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Helping Your Daughter to Learn

You can really help your daughter by:

  • Talking to her about her day and what she has learned;

  • Encouraging a growth mindset towards her learning in all subjects – the belief that we can all improve at anything if we are willing to be challenged, put in the effort, take on board feedback, use helpful strategies and practise;

  • Asking to see her diary, checking what homework has been set and signing it weekly;

  • Helping your daughter to organise her work and checking that deadlines are met;

  • Developing her independence through encouraging her responsibility for private study;

  • Encouraging your daughter to ask for help from the teacher when it is needed;

  • Encouraging your daughter to use the library and attend additional classes and activities.

  • You can also support your daughter by signing up to be a Google Classroom Guardian which will allow you to see the home learning that she has been set across the week to complete



You can help your daughter learn by making sure she is properly organised for the school day.  Your daughter must have a sensible bag and the following equipment:

  • Pencil case;

  • Black or dark blue pens;

  • Pencils;

  • Eraser;

  • Sharpener;

  • Ruler;

  • Diary;

  • Calculator;

  • Protractor;

  • Compass;

  • Highlighter;

  • PE/dance kit  (on required days);

It is helpful to have:

  • A glue stick;

  • Coloured pens/pencils.



Learning vocabulary

Your daughter will often be asked to learn the meaning and spelling of words. This is best done by:

  • Repeating the word several times;

  • Checking the meaning, using a dictionary if needed;

  • Copying out the words at least three times;

  • Spelling the words out aloud;

  • Being tested by you;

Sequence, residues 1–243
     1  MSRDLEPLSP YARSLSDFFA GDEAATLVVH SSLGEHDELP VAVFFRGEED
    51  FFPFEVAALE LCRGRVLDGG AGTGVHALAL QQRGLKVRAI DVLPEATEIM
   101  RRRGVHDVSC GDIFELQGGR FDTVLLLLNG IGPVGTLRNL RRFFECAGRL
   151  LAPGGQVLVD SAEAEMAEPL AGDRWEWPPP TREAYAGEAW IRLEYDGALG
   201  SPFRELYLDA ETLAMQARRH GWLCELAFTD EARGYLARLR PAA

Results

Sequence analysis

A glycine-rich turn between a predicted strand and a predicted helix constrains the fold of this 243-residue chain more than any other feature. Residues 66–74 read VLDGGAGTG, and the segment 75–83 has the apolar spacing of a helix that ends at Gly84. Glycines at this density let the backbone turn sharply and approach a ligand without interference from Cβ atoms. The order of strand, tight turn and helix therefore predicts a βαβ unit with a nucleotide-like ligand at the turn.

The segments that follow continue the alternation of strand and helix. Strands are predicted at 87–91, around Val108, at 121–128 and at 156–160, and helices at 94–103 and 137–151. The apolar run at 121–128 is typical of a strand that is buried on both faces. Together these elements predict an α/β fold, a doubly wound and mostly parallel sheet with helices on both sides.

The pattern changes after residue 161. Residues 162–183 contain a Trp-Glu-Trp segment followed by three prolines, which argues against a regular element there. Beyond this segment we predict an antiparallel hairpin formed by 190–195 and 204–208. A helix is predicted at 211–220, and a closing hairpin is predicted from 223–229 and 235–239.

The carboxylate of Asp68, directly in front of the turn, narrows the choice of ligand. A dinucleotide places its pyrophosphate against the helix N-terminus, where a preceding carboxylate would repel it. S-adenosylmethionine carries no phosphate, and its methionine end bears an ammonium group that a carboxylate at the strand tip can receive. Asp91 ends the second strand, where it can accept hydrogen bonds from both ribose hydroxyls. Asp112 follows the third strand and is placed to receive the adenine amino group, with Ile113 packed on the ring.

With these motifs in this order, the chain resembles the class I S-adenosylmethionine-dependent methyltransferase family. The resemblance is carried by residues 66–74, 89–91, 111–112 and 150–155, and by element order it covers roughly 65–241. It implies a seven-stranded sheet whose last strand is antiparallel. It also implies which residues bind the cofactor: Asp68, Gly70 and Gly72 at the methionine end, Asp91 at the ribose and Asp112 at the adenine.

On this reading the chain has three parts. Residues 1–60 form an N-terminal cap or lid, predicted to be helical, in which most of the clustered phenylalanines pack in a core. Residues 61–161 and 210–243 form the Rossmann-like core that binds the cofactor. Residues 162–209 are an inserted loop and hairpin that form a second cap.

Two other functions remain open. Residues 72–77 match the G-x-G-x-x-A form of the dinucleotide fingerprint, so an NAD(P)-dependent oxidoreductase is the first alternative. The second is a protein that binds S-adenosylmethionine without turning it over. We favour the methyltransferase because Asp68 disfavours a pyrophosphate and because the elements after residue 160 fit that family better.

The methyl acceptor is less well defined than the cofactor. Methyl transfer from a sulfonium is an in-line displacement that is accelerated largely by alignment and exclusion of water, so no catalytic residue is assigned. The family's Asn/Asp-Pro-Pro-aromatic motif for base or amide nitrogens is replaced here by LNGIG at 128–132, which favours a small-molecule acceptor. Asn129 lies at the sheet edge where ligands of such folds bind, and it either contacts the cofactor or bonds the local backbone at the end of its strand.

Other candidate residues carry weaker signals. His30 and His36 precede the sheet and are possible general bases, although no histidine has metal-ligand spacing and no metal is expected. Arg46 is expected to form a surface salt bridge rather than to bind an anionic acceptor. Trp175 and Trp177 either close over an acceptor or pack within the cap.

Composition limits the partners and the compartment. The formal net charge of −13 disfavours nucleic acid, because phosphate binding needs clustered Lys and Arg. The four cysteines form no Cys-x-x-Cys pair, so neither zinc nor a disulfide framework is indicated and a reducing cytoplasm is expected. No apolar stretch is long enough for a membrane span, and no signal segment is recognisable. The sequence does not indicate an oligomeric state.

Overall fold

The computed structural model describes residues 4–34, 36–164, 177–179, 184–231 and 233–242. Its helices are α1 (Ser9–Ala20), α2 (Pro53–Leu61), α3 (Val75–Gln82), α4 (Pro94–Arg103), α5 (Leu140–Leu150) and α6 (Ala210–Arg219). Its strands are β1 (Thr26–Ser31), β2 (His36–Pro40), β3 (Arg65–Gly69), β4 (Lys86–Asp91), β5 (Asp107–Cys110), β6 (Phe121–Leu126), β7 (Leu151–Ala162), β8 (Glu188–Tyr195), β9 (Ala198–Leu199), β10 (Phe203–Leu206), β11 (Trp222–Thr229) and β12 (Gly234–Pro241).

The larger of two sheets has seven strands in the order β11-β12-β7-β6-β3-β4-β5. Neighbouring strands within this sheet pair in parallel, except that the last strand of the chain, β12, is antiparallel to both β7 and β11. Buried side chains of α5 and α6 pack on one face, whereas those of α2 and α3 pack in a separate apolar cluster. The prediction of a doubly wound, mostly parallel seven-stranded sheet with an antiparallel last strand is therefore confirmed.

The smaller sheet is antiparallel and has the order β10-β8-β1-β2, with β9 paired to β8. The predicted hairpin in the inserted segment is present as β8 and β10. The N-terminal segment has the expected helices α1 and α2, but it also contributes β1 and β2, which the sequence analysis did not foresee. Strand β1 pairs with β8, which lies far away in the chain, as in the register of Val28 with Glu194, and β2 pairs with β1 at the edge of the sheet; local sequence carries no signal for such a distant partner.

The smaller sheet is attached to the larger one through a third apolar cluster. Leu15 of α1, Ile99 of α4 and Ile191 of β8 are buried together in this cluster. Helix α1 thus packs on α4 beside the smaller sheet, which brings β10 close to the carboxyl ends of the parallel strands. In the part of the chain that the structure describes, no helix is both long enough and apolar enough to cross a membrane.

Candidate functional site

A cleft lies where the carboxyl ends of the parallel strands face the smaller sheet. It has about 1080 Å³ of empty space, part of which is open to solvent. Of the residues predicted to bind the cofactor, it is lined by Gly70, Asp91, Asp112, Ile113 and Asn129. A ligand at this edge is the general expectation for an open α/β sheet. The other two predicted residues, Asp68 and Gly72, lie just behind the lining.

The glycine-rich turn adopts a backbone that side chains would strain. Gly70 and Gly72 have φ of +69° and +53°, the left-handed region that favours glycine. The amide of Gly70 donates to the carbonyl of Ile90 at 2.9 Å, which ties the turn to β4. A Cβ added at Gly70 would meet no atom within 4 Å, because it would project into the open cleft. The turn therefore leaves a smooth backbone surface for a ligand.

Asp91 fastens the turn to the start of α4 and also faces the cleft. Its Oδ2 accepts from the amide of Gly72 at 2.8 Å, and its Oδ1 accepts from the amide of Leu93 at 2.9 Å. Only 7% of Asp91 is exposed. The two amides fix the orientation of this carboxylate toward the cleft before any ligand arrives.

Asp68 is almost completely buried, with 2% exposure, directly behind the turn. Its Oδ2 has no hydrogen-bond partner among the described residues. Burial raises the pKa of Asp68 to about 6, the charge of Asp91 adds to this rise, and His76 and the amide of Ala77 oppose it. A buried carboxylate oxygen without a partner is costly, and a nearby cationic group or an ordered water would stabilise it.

• Testing herself, e.g. using flashcards;

  • Using the word within a sentence;

  • Regularly returning to vocabulary to check whether she has actually transferred it into her long term memory.


Learning from feedback

Teachers use many forms of feedback that to support learning, additional to written marking.  When you are looking in your daughter’s books, corrections, green / red pen, marking codes, feedback notes, redrafted work, etc. are all evidence of feedback that has been given by teachers.

The most helpful thing you can do is to support your daughter in forming good habits with regards to feedback.  This means:

  1. Improving her willingness to give important feedback to her teachers.  This means always answering questions and sharing her thoughts (whether she is sure of her answer or not) and being open about sharing her work (not hiding it);

  2. Improving her willingness / ability to listen to, remember and promptly act on feedback from her teachers, rather than ignoring it or becoming defensive.


Here are some relevant questions you could ask your daughter to improve the way she seeks out and uses feedback to improve her learning and progress:

  • What has your teacher told you that you need to do?

  • What have you done with this information so far?  What else could you do?

  • Why haven’t you acted on this feedback that your teacher gave you? Why have you not answered this question or corrected this answer?  

  • What do you need to ask your teacher to understand how to use this feedback?

  • How do you feel when your teacher gives you constructive feedback on your work?  What do you understand about why they might be doing this?


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